Kristin Prim is a freak of nature and she is so wise at her young age that it will astound you. When she started Prim magazine at only 14 years old, she became the youngest print magazine editor in the world. Indeed, Kristin Prim is not your average girl – now woman – but she’s always been powerful and individualistic, which is one of the things that makes her so fascinating. Her first loves were music and art, but when her parents moved to a more conservative town in New York, she turned towards fashion, and publishing, as an outlet to connect with people that were more like her. While many kids were plastering their walls with cut outs from Teen Vogue, Prim was publishing her own glossy mag and distributing it globally. At 19, though, Prim grew disillusioned by the saturation of the fashion market and culture – and the idea that anyone with an impressive Instagram following could make it to the front row at fashion shows. Now 21, she has focused her efforts back to the arts. With Prim magazine on the backburner, the brilliant, young, wise and articulate publisher has recently released the first issue of a new biannual art book, entitled A23, which highlights the work of ten artists. The inaugural volume, entitled The Mysticism of the Female explores “the metaphysical and tactile nature of both women and feminism” and features major artists like Luciano Castelli, Mary Beth Edelson and more. Each page is a gorgeous example of the art book’s grand ambitions. We were lucky enough to catch up with Prim to discuss her new art book, the founding of her magazine when she was barely a teenager, her relationship with fellow publishing prodigy, Tavi Gevinson, and she gives some great advice to other young culture shapers on how to get the ball rolling.
Oliver Kupper: What was your earliest exposure to art, fashion, and photography? It seems like you had a very early introduction to this world.
Kristin Prim: My two big interests had always been music and art. They had nothing to do with fashion. But when I was about 13, I decided that I wanted to do something that would take me out of my comfort zone. I figured that thing would be fashion. I was so into art and music. I’m a classically trained musician; I had been painting, drawing, and taking photographs since I was young. That’s how I was introduced into fashion. I decided to start my own fashion magazine that was called Prim. I worked on Prim for seven years, until I was nineteen. Then, I wanted to turn my attention back to my own fine art work. I worked on building my portfolio for about a year. I decided to do a print when I was twenty. Now, I’m twenty-one, and the edition is coming out in two weeks. That’s how that shape shifted.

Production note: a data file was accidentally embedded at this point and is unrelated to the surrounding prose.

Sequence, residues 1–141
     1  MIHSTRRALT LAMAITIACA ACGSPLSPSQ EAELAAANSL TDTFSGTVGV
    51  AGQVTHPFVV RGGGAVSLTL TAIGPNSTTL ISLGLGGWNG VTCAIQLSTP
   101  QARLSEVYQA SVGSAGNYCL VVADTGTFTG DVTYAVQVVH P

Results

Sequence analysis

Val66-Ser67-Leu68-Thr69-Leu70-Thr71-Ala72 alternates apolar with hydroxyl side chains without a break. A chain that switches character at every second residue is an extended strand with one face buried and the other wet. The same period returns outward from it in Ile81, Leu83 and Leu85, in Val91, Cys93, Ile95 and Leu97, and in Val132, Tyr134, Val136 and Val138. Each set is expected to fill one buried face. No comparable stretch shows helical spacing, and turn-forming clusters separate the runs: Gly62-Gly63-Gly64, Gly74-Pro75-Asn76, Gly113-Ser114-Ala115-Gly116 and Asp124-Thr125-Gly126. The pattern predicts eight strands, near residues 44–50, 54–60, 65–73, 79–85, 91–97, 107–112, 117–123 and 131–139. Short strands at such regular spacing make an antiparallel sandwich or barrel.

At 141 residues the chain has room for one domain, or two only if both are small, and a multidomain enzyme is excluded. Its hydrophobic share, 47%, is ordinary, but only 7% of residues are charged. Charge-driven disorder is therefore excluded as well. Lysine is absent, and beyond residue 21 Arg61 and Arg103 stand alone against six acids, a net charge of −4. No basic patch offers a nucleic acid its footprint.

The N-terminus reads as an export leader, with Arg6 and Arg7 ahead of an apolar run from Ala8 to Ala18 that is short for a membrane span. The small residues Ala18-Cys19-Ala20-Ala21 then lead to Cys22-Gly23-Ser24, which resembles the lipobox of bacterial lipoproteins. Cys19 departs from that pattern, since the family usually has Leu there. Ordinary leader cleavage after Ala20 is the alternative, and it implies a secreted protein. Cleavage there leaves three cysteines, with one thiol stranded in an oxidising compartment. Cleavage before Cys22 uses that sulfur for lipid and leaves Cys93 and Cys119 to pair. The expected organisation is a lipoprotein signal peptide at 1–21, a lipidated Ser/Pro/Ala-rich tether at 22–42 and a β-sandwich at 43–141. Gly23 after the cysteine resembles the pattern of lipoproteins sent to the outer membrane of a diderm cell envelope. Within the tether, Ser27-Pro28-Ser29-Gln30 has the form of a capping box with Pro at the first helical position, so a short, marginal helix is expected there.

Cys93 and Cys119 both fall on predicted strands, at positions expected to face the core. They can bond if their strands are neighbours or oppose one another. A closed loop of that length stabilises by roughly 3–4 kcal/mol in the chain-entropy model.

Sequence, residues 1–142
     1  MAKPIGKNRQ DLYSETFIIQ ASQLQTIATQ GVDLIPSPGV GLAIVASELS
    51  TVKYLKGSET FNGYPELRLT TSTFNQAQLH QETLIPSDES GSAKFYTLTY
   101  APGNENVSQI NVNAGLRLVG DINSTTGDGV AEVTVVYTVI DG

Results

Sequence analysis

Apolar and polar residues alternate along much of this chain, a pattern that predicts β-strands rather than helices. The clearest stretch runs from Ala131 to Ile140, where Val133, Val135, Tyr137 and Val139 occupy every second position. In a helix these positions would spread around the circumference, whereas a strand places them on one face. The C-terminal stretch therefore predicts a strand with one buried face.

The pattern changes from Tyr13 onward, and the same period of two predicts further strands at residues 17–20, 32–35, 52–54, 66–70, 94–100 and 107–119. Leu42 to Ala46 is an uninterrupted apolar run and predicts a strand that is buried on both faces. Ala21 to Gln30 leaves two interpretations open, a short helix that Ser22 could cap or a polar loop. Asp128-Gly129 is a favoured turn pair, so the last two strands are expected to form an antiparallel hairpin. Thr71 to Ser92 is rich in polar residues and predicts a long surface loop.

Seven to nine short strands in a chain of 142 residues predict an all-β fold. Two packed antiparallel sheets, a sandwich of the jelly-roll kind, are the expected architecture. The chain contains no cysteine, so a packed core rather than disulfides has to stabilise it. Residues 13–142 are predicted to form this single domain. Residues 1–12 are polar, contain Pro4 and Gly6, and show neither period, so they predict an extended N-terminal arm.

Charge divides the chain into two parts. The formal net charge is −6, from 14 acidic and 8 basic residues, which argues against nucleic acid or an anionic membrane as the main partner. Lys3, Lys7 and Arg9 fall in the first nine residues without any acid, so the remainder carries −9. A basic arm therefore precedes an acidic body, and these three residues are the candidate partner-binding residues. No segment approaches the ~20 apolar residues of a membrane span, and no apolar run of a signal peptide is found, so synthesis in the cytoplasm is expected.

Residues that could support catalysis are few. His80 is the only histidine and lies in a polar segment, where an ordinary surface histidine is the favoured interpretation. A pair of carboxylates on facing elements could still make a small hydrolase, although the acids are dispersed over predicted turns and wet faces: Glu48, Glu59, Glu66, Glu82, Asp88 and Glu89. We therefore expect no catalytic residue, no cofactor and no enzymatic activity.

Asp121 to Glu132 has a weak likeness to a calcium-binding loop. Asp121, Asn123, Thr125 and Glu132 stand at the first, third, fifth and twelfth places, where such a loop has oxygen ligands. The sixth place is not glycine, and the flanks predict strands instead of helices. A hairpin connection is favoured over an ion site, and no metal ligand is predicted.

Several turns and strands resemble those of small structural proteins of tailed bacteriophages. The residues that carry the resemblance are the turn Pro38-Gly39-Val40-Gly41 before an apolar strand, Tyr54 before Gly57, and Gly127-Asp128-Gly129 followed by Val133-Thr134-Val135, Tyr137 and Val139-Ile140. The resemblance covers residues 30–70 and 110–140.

OK: How did you start Prim? Were there certain magazines that inspired you? Did you think you could do something better than other publications?
KP: When I started Prim, I had no idea that magazines like Self Service and Dazed existed. I had no idea there was this world out there of high fashion, style-oriented, artistic publications. I was looking at Vogue and Elle and thinking that I would want to take fashion in a different direction. About a year into starting Prim, I discovered this world and how amazing these magazines were. It did begin to influence me, because I felt at home with them. Prim was still unlike any other magazine out there. It was a happy accident. I was lucky. I was able to create a home for something that didn’t exist.
OK: A lot of people start magazines because they are inspired by independent publications.
KP: They’re the best. There’s nothing like an independently published magazine.
OK: Were your parents supportive of the magazine?
KP: My father financially supported the magazine until I put Prim on hiatus when I was 19. He gave me the investment money that I needed when I was 14 to pay for the print publication. I don’t want to say my parents don’t support my work, but my parents are much more conservative than I am. As my work began to evolve into more boundary-pushing, they began to step away from it.
When I started Prim, I was only 14. I wasn’t into myself yet. As I grew into my creativity, so did the publication. I began to do more things that were rather unconventional. They support my entrepreneurial efforts, but I don’t know if they support my work.
OK: Did you have a lot of support from the fashion world? Were there any designers that reached out to you that you looked up to?
KP: The reason I started Prim was because my parents moved me to a conservative area in New York. I didn’t fit in at all. I got in trouble a lot with my peers. I started Prim just to keep myself busy and stay connected with people around me. I didn’t want Prim to have more than ten readers. I really mean that. To be able to print was incredible. The feedback from the fashion industry was so unexpected. I’m being genuine when I say that. It was incredible because I never fit in. To be welcomed and grandfathered into such an amazing industry that could support me was life-changing.
OK: A lot of people talk about Tavi Gevinson when they talk about your work.
KP: I’ve known her since I was fourteen. We met when she was twelve. She sent me an email introducing herself. She was running Style Rookie at the time—her blog. She said, “I’d love to meet up. I’m coming to New York during fashion week. Can we do it? Tavi and I, for eight fashion seasons back-to-back, would go and get ice cream.